American Coatings Association


Be Paint Wise, Buy The Right Size

Do your part to help better manage our world’s natural resources. Follow the steps listed below and you will be improving the environment by following the 3R’s … Reduce, Reuse, and Recycle.

Download the full color brochure: The Five-Point Program for Leftover Paint

  1. BUY THE CORRECT AMOUNT OF PAINT FOR THE PROJECT
    Be a wise consumer and buy only what you need. Check with your local paint dealer for instructions on how to determine the correct volume of paint required for your project. When you purchase the right volume of paint, it eliminates the need to store or dispose/recycle paint when the project is finished, and it might even save you money. When your painting project is complete, take a look in the can. If there is only a small quantity of paint left, use it up. Paint out the last inch-or-two of paint in the bottom of the can.
  2. STORE PAINT PROPERLY TO KEEP IT FRESH
    If your project is complete and you still have a fair amount of paint leftover, be sure to correctly store the paint. Proper paint storage will eliminate safety concerns and keep your paint fresh for touch-ups or future projects. For best results, cover the opening of the paint can with plastic wrap and securely seal the lid. When you are sure the lid is leak-proof, turn the can upside down and store it in a place with a moderate room temperature to avoid freezing. Be sure to choose a safe location that is out of the reach of children and pets.
  3. USE UP LEFTOVER PAINT
    Now that you have safely stored your leftover paint, don’t forget about it. Leftover paint can be used for touch-ups or smaller projects and lighter colors can be taken back to a paint retailer and be retinted for another paint project. Record the room name on the lid for future touch ups. You can blend and mix smaller quantities of latex paint to use as a base coat on larger jobs. Perhaps, you know a neighbor or relative who could use your leftover paint; now, that’s being environmentally friendly!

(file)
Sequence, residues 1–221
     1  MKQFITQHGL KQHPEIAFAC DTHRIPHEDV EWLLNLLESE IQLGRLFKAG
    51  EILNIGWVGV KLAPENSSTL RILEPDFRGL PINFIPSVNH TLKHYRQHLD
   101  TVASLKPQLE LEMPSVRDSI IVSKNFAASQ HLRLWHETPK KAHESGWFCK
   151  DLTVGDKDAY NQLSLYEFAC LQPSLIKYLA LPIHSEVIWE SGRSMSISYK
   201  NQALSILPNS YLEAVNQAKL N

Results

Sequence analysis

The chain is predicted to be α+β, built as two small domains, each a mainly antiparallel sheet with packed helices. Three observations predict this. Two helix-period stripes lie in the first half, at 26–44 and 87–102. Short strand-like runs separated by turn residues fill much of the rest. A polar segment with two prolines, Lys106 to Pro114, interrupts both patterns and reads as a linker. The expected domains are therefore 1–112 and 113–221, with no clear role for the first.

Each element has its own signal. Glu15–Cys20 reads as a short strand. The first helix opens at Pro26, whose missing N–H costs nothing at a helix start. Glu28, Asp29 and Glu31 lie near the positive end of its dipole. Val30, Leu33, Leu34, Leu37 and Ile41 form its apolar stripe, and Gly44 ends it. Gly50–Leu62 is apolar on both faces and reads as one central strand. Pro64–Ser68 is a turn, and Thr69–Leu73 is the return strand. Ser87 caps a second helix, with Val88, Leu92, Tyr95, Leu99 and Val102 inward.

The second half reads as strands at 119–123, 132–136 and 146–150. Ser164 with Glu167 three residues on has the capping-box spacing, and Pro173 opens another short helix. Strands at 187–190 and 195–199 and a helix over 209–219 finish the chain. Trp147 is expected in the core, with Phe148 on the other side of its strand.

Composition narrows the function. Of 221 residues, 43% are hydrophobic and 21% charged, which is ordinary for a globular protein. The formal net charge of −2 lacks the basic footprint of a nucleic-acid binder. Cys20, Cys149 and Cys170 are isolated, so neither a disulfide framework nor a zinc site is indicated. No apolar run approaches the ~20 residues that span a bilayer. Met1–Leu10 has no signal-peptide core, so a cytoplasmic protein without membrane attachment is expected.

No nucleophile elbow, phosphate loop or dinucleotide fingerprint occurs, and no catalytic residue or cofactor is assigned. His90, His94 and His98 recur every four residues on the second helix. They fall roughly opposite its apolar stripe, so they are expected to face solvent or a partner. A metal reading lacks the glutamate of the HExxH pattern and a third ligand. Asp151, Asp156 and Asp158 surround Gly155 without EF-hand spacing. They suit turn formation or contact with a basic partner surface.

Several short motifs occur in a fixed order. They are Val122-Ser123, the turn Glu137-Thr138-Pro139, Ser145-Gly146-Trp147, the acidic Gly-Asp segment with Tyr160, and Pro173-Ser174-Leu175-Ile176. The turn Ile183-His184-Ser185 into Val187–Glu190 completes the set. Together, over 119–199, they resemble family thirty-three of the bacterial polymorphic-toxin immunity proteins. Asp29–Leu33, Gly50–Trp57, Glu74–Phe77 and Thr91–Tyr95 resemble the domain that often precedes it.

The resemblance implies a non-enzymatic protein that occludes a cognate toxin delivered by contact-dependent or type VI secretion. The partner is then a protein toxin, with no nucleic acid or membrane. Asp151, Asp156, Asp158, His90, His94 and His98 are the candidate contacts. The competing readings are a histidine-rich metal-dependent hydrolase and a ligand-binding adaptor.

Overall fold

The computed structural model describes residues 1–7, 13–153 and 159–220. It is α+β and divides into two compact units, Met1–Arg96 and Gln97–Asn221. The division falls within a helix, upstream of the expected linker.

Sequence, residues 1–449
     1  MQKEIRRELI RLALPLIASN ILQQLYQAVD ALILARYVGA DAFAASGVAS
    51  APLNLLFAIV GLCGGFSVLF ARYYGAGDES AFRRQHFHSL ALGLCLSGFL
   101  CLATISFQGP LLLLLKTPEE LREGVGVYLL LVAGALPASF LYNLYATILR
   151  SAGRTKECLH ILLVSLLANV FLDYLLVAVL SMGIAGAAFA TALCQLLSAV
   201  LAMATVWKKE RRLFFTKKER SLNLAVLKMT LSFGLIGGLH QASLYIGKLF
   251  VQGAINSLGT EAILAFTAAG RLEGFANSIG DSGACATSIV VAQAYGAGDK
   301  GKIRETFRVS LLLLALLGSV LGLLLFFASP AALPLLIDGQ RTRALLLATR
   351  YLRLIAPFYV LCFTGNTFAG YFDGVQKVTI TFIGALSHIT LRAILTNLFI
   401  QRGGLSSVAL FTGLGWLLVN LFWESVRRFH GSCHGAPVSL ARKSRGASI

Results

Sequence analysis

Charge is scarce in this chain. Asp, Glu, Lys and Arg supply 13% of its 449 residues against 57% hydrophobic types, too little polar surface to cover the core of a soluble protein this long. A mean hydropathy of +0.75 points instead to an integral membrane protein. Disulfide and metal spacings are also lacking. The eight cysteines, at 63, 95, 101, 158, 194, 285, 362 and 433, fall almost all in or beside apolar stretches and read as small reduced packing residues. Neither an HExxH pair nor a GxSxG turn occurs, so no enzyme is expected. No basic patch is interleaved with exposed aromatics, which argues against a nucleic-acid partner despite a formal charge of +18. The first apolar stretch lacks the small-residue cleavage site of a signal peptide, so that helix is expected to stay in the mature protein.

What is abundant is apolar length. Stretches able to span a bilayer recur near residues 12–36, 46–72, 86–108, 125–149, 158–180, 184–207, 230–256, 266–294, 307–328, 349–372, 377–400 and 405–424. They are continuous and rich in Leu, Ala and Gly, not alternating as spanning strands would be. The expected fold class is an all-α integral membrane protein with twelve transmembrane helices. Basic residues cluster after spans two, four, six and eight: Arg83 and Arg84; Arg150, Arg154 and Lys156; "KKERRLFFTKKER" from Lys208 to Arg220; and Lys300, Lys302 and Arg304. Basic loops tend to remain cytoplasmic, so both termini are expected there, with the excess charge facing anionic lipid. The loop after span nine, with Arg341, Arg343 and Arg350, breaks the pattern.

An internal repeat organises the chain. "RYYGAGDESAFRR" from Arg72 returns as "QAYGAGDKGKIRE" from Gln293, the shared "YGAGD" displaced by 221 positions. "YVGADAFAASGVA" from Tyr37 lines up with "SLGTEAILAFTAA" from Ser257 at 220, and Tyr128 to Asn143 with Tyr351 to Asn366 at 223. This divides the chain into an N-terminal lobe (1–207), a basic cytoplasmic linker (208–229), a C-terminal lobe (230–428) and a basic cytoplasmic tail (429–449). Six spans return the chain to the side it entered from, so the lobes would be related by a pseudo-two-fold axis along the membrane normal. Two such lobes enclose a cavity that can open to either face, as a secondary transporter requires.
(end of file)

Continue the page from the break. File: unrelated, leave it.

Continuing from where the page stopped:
4. REUSE OR RECYCLE
    If you can’t make use of the paint yourself, donate your useable leftover paint to a worthwhile community association, theatre company, church group or other local organizations that may be in need of good paint. Perhaps, your community offers a paint exchange event or a special paint collection program. Many communities collect paint for reuse, recycling or as a last resort, proper disposal through local Household Hazardous Waste (HHW) collection programs. Check PaintCare’s website,www.paintcare.org, to learn about paint reuse, recycling and HHW collection programs that are available in your community.
  5. DISPOSE OF THE PAINT PROPERLY
    If there is not a leftover paint collection program available in your area, you may need to dispose of leftover latex paint yourself. Air-drying of liquid alkyd or oil based paint is not considered safe. In regions that allow it, let your latex paint air dry in a safe location away from children and pets. A small amount of paint, less than ½ inch, in the bottom of a paint can is easily dried out by leaving the lid off. Once the paint is hard, discard the paint can with the lid off, preferably in a metal recycling program. If metal recycling is not available or the paint container is plastic, dispose of the container in the garbage. Larger volumes of latex paint can be dried in a box with absorbent material such as shredded paper or kitty litter. Recycle the empty can with the lid off and dispose of the dried out latex paint as garbage. If the paint in the can is solidified all the way through, it may be disposed of as garbage with the lid off to prevent the build up of pressure in the can.

Latex Paint Disposal